In these early days of opening, chef Robert Whyte has created a limited menu of lunch and dinner items while the staff settle into

The Ultimate Ashwood Caesar, with King crab leg, is a favourite.

The Ultimate Ashwood Caesar, with King crab leg, is a favourite.

the routine. Tonight there’s a Mexican beef soup – I’ve forgotten it’s name, but I know that if I close my eyes while eating a mouthful of the spicy soup that’s topped with chopped avocado and sour cream, I am once again in Ajijic, Mexico. Also on the menu are: pan seared 10 oz New York steak with crispy fingerling potatoes, green beans and horseradish butter ($29), ratatouille with arancini and parmesan tuile ($18.50), lamb burger with sundried tomatoes and goat cheese, dressed with a tzatzki and tomato jam, served with chick pea fries ($16), trout with roasted fennel and tomato purée served with wilted spinach and a panzanella salad ($22).

It’s a wise decision on the chef’s part to create a small menu, and our service is seamless. Water glasses are always full and drinks are efficiently replaced. My lamb burger special ordered with no bun did indeed arrive bunless and, as requested, my glass of red wine arrived with the meal. I would dearly have loved to have ordered the Ultimate Ashwood Caesar, which comes with a King crab leg, or the Don Draper ($14), a mixture of double Makers Mark, bourbon soaked cherries, giant ice cubes and a Popeye smoke, but alas, I’m driving.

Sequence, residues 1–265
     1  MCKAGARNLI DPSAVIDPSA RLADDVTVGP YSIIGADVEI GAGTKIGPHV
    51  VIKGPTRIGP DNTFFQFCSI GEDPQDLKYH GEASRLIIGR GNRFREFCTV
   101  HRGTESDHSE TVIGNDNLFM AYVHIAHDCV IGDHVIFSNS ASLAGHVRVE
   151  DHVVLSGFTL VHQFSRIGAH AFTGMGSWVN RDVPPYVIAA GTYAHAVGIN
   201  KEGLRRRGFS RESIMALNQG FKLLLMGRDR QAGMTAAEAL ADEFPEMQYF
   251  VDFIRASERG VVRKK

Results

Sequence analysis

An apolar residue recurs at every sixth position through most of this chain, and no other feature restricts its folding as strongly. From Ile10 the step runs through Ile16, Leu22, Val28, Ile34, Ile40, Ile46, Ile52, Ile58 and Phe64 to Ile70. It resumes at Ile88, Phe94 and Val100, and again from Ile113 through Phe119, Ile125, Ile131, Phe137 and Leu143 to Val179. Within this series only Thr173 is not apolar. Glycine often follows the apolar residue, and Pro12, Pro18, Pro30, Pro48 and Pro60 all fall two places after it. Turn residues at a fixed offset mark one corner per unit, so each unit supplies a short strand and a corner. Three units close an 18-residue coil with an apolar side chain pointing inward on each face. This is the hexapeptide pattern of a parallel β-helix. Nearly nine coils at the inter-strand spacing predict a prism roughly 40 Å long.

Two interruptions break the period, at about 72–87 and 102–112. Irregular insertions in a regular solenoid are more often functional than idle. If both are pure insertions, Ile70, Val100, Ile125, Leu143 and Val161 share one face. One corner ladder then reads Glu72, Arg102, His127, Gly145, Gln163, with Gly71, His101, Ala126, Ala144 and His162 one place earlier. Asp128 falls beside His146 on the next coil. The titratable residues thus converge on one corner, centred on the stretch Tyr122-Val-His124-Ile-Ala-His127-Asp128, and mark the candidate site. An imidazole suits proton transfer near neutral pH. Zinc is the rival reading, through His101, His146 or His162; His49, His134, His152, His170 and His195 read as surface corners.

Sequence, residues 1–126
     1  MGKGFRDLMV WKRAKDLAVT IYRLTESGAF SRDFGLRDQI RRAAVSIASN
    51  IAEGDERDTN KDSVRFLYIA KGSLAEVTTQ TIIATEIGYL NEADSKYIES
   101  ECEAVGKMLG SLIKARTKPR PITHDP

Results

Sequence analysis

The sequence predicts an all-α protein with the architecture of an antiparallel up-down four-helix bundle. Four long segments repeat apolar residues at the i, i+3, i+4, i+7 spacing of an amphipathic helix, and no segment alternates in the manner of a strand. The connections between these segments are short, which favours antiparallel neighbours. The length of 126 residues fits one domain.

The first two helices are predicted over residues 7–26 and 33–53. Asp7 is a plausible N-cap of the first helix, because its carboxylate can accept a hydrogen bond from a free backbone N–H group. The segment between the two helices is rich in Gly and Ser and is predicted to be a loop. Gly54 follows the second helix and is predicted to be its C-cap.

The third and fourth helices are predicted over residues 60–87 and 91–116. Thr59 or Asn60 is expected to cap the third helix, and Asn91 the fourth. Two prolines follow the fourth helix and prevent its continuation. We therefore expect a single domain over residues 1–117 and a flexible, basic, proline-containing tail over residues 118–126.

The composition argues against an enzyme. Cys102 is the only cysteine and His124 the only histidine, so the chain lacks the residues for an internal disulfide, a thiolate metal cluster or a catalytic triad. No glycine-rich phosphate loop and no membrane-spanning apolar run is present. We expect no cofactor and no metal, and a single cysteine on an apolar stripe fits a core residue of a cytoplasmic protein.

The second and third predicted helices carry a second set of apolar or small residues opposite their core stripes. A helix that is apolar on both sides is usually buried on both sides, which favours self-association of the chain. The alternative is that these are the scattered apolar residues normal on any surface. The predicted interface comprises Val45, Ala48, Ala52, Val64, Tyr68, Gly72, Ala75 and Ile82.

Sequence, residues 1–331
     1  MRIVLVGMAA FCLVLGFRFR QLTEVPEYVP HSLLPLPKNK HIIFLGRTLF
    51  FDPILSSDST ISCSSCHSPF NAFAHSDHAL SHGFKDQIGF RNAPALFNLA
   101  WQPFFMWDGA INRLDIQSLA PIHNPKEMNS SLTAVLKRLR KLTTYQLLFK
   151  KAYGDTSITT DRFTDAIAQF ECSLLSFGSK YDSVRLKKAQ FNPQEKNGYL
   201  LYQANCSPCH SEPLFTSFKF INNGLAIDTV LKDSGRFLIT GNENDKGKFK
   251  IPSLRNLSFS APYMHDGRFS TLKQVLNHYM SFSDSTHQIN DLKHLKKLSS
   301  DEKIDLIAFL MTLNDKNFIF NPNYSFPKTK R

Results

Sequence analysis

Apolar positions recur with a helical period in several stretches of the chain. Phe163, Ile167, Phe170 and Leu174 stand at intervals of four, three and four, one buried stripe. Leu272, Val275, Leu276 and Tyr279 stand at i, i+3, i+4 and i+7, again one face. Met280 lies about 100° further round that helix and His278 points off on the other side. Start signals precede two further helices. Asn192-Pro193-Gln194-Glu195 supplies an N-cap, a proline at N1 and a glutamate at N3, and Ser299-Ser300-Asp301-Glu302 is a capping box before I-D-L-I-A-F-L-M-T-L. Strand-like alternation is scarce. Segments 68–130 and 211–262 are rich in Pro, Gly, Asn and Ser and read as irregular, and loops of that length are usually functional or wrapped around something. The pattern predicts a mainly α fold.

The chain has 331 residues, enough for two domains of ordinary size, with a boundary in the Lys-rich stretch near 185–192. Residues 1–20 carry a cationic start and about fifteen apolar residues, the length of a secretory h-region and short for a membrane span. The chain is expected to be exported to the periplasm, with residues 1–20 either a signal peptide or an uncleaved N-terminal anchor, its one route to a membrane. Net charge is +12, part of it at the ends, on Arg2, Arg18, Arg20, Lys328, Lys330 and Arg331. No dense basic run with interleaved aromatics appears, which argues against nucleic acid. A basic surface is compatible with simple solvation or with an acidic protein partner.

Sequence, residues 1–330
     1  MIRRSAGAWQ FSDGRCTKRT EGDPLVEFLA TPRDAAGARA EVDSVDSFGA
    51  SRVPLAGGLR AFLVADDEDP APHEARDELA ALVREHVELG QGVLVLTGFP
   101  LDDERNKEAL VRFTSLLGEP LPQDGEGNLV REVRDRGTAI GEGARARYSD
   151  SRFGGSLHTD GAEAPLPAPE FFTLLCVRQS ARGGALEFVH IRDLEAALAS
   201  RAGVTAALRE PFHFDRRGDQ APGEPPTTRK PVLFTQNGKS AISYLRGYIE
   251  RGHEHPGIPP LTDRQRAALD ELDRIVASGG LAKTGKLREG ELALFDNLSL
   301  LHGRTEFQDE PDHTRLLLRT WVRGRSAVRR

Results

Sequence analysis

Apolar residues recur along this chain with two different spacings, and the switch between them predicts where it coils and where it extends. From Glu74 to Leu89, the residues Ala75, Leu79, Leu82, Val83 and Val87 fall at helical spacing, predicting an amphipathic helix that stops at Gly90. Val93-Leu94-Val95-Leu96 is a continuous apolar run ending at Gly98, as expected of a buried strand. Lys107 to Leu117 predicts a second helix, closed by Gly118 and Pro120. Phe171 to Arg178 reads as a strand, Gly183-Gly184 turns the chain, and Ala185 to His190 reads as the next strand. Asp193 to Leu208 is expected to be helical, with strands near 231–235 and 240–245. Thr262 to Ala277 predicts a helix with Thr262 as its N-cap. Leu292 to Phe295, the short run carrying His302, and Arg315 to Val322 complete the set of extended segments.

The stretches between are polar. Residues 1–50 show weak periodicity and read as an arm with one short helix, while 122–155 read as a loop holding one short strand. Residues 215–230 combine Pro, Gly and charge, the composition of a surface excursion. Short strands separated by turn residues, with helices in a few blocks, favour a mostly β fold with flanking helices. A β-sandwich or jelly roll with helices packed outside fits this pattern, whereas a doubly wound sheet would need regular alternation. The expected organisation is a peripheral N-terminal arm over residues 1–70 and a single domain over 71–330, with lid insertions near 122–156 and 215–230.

By the time we’re offered dessert, there’s only one taker for the bread pudding with a bourbon caramel sauce ($9), although the spoon does get passed around, with agreement that the sauce is just a bit too boozy.